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The effects of granular magnetic anisotropy variation on nanowire spin Hall oscillators

Semester: Summer 2023

Presentation description

Spin torque oscillators are at the forefront of study in condensed matter physics, particularly spintronics. These magnetic oscillatory devices have many fascinating applications, specifically as compact tunable microwave sources and in nueromorphic computing. These applications often require frequency and power synchronization among many devices. However, recent experimental measurements have shown irregular mode splitting in the power spectral density (PSD) over several devices, which indicates that multi-device synchronization would be difficult. Computational simulations have recently shown that this device to device variation is likely due to random granular structure created during the fabrication process. The grains can have weakened exchange coupling at their barriers, which means that they struggle to magnetically "talk" to each other. This phenomenon is measured and simulated by decreasing a value called the inter-grain factor (IGF). This reduced IGF creates spin-wave reflections at grain boundaries that can lead to the experimental mode splitting in the PSD. In this study, we computationally investigate when these grains have differing magnetic properties in addition to the reduced IGF. In particular, we model the effect of atomic scale variations in thickness of each grain created during the fabrication process. This variation in thickness causes changes in the perpendicular magnetic anisotropy (PMA) of each grain. Our preliminary investigations have revealed that significant decrease or increase in the PMA of a single large enough grain can act as a spatial potential barrier in the system; this grain can divide the oscillatory region into two different regions that can oscillate independently, as the "dead" grain will reflect any spin-waves that attempt to cross the potential barrier. Because these two regions are decoupled magnetically other than long range dipole-dipole interactions, they are free to oscillate at different frequencies, thus producing the experimental mode splitting.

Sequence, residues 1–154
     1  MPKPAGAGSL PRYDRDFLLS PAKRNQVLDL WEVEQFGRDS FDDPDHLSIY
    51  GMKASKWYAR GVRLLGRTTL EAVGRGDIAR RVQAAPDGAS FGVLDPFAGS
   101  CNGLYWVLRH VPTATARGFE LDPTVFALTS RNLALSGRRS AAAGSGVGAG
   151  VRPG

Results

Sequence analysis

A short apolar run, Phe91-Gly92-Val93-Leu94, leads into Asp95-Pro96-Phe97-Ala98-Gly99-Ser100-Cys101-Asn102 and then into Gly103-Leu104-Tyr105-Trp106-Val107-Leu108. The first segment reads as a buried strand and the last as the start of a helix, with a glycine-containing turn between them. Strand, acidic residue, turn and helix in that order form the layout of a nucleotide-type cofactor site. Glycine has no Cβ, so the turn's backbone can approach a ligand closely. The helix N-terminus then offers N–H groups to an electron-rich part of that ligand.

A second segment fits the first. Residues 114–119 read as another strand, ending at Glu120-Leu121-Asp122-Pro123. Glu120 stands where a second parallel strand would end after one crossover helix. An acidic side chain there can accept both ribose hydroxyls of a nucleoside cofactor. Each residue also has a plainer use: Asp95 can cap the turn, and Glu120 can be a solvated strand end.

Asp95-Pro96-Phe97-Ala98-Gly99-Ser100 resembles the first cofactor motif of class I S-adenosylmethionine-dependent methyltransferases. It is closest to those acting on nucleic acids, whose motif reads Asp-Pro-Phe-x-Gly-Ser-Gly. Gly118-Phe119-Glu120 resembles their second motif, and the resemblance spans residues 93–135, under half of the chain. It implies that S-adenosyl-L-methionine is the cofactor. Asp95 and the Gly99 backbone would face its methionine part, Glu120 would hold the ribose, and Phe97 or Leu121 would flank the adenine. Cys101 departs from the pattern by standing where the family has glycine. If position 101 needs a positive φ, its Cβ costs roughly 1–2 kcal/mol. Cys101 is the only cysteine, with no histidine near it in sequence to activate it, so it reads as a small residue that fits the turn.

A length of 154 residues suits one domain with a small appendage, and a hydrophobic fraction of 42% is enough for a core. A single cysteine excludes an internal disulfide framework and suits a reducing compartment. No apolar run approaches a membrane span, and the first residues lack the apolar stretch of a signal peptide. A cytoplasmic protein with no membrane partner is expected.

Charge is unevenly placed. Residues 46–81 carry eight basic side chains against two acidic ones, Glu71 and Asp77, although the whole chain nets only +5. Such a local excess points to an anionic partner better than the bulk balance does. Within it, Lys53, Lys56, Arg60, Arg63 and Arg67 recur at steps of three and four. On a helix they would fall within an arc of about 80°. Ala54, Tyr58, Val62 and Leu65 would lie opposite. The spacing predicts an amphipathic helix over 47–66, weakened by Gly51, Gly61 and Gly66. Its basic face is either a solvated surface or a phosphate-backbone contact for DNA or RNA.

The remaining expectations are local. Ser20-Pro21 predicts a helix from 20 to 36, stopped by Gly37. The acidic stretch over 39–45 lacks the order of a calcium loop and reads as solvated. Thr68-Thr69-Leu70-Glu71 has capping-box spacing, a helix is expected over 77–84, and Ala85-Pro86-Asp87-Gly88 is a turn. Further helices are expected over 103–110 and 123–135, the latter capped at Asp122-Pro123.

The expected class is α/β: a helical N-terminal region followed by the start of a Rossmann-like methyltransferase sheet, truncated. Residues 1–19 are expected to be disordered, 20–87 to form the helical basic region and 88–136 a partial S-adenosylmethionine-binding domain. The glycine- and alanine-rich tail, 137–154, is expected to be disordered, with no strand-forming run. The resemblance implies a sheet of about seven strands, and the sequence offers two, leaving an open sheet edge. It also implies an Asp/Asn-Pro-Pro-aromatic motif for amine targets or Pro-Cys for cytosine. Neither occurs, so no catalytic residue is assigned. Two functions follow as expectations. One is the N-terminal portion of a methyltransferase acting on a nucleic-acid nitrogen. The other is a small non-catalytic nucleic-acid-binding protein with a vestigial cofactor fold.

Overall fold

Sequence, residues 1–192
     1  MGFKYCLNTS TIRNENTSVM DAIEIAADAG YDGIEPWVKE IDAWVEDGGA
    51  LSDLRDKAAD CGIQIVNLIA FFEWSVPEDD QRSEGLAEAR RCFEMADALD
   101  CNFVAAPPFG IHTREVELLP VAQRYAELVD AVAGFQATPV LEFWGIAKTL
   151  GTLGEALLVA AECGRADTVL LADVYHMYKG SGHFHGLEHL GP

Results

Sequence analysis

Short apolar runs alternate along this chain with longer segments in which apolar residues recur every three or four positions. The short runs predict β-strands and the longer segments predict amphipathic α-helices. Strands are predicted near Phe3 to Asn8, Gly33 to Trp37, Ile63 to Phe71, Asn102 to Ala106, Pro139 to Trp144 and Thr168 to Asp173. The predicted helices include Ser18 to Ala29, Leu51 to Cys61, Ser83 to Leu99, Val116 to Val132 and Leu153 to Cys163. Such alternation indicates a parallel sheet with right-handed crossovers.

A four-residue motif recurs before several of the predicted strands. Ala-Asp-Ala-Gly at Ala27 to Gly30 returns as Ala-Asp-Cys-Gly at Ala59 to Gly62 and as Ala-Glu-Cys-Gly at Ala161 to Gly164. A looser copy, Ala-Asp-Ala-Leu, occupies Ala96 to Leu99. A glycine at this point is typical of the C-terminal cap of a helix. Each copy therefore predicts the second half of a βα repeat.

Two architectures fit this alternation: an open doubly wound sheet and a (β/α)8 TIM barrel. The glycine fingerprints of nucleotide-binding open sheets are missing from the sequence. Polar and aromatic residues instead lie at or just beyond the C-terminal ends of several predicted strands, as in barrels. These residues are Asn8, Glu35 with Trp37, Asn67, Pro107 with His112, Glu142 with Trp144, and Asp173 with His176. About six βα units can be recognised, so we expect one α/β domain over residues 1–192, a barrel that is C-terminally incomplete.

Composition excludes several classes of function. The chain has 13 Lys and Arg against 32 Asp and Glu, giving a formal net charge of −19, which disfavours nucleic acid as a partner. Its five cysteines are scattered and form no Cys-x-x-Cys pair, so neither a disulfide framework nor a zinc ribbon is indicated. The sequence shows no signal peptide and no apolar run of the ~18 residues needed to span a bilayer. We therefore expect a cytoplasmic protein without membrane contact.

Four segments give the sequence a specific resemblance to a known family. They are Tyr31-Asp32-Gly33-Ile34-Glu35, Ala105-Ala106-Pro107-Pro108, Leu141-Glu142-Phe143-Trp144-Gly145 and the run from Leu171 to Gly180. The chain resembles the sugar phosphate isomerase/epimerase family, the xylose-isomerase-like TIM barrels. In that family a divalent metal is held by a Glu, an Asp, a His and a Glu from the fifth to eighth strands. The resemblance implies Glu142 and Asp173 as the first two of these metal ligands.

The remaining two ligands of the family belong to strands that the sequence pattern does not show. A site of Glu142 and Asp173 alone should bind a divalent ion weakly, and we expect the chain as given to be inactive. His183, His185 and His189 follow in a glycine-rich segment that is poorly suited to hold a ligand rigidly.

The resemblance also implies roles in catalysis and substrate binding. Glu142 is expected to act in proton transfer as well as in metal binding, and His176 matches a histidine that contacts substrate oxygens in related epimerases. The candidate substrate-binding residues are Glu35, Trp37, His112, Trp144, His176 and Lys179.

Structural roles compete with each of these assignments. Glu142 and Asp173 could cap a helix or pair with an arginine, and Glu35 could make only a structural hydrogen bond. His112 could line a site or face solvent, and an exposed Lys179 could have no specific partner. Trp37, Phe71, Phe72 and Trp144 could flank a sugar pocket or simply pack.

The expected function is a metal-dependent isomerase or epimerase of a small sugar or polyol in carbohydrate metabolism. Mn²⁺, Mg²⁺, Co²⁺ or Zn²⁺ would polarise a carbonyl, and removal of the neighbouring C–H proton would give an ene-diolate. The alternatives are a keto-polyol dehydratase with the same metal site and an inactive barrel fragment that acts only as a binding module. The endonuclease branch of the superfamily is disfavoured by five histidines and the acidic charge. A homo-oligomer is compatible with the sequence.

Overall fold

Presenter Name: Noah Conner

Presentation Type: Poster
Presentation Format: In Person
Presentation #31
College: Science
School / Department: Physics & Astronomy
Research Mentor: Eric Montoya
Date | Time: Thursday, Aug 3rd | 9:00 AM